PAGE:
A man fills out his ballot during early voting at a community center in Potomac, Maryland, Oct. 25. (Brendan Smialowski/AFP/Getty Images)

Could this be the election in which Latinos tell President Trump to self-deport?

He doesn’t think so. He’s betting there’s little downside to closing out the 2018 midterms in signature style: by raising the alarm about dark-skinned immigrants crossing the southern border to kill white people.

He declared an “emergency” because he claims (without evidence) that a migrant procession on foot 1,000 miles from U.S. territory is supposedly infiltrated by “MS-13” and “unknown Middle Easterners.” He rushed troops to the border to keep migrants from “pouring” over, though the few who complete the journey won’t be here for weeks. And now the White House is talking about blocking all Central Americans, even asylum seekers, from crossing the southern border — to prevent “animals” and “some very bad people” from an “assault on our country.”

Behind Trump’s manufactured menace is a cynical calculation. If the anti-immigrant campaign provokes a strong enough backlash among Hispanic voters, they could easily vote Republicans out of power in the House, and from Senate and gubernatorial seats in parts of the country. They have the power, theoretically, to quash these nativist appeals once and for all. But Trump expects to mobilize more whites than Hispanics with his histrionics.

Trump’s America has become a grim place for Latinos. Two-thirds say Trump’s policies have been harmful to Hispanics, according to a Pew Research Center poll out Thursday. A majority say it has become more difficult to be Hispanic in America, and 4 in 10 have personally experienced racial harassment in the last year. Only 22 percent approve of Trump’s presidency.

Collectively, the nation’s 29 million eligible Hispanic voters (about half the Hispanic population) can do something about it. In 2016, Hispanic turnout was 47.6 percent, behind whites (61.4 percent), blacks (59.6) and Asian Americans (49.3). Researchers from the Brookings Institution and the Center for American Progress calculate that if voters of all races turned out in equal percentages and support levels were kept constant, Democrats would win the popular vote by 4.5 points in 2020 (up from the 2.1 percent Democratic popular vote edge in 2016) and the Electoral College by 288 to 250, as the states of Florida, Wisconsin and Michigan would go Democratic. Pennsylvania, Arizona, Georgia, North Carolina and Texas would all swing Democratic in subsequent cycles.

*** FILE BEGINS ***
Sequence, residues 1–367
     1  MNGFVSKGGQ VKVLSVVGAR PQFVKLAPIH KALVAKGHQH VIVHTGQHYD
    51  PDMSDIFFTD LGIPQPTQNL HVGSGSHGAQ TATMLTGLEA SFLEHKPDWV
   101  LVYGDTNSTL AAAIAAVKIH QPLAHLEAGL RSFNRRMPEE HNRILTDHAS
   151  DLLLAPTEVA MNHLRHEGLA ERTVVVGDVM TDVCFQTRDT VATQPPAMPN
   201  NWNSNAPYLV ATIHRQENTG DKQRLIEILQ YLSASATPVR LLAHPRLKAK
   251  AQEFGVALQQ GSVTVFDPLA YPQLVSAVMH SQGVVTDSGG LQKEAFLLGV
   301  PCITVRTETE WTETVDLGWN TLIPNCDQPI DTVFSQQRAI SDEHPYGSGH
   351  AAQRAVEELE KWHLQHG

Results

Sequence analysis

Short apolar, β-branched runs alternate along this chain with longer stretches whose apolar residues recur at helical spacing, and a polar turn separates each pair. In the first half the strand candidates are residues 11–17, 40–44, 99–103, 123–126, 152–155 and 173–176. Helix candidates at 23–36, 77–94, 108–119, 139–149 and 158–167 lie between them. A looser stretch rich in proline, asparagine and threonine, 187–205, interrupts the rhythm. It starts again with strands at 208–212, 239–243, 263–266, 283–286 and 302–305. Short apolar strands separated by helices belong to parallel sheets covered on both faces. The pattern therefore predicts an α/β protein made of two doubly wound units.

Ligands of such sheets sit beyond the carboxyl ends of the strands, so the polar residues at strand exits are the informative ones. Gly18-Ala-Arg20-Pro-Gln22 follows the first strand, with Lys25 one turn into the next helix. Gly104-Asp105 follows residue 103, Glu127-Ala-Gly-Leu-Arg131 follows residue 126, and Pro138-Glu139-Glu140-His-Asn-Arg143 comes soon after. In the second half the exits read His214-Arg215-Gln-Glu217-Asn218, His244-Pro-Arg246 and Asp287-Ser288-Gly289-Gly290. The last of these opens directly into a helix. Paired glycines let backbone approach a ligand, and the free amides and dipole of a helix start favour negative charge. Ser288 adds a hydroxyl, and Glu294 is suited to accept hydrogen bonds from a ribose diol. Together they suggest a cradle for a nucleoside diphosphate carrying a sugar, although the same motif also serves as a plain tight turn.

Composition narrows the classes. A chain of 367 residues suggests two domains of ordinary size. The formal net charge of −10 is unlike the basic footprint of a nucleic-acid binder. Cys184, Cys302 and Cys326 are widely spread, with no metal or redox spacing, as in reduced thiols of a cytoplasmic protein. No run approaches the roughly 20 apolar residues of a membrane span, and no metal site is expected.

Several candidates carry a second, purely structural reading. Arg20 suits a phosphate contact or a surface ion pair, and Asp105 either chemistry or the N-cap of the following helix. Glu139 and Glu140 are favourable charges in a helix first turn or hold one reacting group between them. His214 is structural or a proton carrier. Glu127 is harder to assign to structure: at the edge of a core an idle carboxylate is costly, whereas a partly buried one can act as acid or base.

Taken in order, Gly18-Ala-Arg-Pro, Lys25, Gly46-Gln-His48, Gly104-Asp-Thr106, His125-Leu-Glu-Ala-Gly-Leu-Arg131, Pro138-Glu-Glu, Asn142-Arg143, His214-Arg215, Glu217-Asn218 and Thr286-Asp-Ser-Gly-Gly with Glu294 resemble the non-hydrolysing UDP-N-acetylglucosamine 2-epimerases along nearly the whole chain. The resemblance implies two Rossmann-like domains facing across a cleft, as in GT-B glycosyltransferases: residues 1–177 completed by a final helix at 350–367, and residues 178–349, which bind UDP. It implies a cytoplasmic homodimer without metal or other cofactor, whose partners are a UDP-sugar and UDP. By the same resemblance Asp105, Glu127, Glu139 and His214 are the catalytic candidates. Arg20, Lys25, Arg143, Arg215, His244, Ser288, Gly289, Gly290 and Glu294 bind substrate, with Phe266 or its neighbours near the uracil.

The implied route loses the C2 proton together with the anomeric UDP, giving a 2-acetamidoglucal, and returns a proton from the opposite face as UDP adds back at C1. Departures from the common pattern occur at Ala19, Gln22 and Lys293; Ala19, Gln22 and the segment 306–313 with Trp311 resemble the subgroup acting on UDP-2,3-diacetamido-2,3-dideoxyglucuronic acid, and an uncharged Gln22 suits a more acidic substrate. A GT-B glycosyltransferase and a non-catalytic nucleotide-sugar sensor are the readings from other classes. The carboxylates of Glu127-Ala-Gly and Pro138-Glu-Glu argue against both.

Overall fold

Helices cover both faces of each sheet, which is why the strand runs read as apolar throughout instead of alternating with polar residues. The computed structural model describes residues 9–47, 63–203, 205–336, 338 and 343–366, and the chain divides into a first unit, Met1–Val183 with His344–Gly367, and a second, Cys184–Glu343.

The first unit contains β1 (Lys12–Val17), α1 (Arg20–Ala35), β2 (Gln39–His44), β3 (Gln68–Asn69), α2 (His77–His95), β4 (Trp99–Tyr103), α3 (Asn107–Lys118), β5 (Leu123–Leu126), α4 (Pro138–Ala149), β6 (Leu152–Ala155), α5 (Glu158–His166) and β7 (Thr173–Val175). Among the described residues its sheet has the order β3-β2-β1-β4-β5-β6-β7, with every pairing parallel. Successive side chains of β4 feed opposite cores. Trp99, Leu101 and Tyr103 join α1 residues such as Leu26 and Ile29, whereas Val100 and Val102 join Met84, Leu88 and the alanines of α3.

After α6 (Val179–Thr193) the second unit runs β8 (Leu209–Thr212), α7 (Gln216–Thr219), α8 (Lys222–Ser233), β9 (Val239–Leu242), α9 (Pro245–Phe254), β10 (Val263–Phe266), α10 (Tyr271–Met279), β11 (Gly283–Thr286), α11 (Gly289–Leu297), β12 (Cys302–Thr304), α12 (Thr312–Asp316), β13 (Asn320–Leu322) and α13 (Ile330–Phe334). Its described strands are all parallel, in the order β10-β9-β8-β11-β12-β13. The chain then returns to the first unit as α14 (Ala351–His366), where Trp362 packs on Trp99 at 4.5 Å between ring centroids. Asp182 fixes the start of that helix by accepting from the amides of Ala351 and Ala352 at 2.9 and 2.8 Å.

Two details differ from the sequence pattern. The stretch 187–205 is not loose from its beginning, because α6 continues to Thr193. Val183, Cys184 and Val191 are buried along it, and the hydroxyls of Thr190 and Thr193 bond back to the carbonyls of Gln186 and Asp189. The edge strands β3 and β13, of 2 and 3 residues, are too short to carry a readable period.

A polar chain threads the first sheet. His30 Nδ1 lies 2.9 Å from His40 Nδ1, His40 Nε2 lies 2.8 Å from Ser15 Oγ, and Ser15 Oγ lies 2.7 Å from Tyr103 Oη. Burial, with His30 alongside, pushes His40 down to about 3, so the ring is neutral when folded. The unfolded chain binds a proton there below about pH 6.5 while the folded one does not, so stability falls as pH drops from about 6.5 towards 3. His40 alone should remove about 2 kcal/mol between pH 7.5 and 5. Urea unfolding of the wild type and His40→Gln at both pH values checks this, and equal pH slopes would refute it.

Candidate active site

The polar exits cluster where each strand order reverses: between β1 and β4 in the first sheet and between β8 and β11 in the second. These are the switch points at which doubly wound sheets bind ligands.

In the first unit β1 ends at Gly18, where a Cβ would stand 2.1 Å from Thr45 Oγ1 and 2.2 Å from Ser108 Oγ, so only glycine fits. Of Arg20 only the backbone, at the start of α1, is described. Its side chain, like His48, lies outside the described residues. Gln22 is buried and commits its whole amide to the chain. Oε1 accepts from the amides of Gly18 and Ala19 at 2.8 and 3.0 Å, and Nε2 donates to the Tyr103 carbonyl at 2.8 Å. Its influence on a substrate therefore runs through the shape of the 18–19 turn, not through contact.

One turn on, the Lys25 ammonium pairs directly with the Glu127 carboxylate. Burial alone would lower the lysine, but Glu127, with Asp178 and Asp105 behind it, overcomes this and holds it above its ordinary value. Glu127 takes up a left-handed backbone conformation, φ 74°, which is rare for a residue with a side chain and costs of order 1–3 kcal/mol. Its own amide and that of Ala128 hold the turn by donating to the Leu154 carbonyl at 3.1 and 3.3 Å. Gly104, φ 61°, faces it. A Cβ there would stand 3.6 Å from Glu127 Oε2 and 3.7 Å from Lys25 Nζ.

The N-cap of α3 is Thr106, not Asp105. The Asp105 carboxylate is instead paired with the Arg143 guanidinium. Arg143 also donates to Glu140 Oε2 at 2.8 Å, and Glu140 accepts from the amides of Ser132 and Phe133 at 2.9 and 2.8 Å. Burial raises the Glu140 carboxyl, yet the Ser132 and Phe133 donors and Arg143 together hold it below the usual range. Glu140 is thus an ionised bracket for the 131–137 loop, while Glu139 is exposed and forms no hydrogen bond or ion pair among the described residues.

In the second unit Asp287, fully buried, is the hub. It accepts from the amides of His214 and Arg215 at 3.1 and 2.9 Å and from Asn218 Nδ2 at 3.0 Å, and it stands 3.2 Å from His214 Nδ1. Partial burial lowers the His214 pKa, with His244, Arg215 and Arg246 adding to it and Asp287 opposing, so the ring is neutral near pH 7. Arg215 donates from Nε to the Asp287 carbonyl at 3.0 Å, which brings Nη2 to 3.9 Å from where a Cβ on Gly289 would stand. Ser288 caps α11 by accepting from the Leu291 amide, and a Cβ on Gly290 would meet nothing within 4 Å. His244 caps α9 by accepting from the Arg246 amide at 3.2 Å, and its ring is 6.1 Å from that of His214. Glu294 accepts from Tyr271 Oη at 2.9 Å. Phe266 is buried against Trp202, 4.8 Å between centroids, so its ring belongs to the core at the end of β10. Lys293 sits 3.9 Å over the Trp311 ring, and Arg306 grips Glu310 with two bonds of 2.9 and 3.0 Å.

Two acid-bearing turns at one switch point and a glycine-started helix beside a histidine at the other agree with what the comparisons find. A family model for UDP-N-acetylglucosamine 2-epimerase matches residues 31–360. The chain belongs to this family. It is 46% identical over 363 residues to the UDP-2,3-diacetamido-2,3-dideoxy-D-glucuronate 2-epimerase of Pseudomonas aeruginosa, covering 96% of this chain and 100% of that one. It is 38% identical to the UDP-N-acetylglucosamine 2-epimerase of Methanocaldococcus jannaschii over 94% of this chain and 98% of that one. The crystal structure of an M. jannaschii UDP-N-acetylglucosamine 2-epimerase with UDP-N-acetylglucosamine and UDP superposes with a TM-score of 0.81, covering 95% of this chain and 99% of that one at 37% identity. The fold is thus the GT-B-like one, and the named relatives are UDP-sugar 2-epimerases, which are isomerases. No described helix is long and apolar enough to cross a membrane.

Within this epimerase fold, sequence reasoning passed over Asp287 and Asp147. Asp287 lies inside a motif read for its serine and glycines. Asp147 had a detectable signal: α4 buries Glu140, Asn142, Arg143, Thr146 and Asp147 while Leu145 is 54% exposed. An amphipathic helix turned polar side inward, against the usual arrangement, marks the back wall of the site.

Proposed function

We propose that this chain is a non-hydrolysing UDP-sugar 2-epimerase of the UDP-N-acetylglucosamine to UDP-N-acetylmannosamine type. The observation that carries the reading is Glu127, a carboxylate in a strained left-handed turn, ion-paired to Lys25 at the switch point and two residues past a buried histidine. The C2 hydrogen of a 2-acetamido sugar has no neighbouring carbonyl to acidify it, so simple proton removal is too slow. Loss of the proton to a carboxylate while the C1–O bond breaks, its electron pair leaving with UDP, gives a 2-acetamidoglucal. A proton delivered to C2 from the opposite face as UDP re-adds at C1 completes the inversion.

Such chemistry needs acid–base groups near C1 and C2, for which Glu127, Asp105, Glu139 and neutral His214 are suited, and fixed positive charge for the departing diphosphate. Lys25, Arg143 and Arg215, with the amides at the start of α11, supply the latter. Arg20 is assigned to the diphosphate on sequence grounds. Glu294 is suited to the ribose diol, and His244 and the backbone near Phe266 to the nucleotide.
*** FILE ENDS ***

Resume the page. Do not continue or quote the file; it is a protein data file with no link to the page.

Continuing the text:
Such equalization isn’t imminent. Hispanics come from many countries, some without democratic traditions. Early generations, particularly, tend to have low education levels. Polling indicates Latinos continue to be less likely voters this year.

But there are tentative signs of change. In this last week’s Pew poll, 52 percent of registered Latino voters say they have given “quite a lot of thought” to the election, up 16 points from 2014 (when turnout was only 27 percent). That’s well below presidential-year levels (67 percent in 2016), but the Cook Political Report’s Amy Walter this last week observed that the biggest improvements for Democrats in recent days — when Trump escalated his attacks on immigrants — have been in Latino-heavy districts in California and Florida.

UCLA political scientist Matt Barreto , who runs the Latino Decisions political consulting firm, said Democrats’ reluctance to engage Trump on immigration as a campaign issue means “Latino voters are essentially confused — they don’t know who to vote for.” But Barreto expects Trump’s latest immigration attacks might not work as well with white voters as they did in 2016. “People who held their nose and voted for him are asking more questions now,” he said. “In 2016, it was just rhetoric: ‘Build the Wall.’ . . . Now he’s put kids under five by themselves in court.”

There is no shortage of ugliness to offend many a moderate, suburban voter: family separation, belittling Puerto Ricans’ suffering after the hurricane, failing to help the “dreamers,” the pardon of Joe Arpaio, stripping Latinos in Texas of their passports and a long series of belittling remarks (such as marveling that a Latino border guard “speaks perfect English”). Republican candidates and groups, taking the president’s lead, have run a number of ads playing on racial fears.

Maybe they see that as their only remaining option. The GOP tax cut was a dud with voters, so much so that Trump is touting a new, nonexistent tax cut. Republicans had become so concerned over their disadvantage on health care that the White House issued an economic report this week attempting to link those promoting Medicare-for-all to Lenin, Mao and policies resulting in “deaths [via] purges, massacres, concentration camps.” Stock-market volatility and rising inflation and interest rates have increased recessionary fears, and wages stubbornly refuse to keep pace with economic growth.

So it’s predictable that Trump would return to white identity politics in the closing days. But Latinos don’t have to let him get away with it. Neither do the rest of us.

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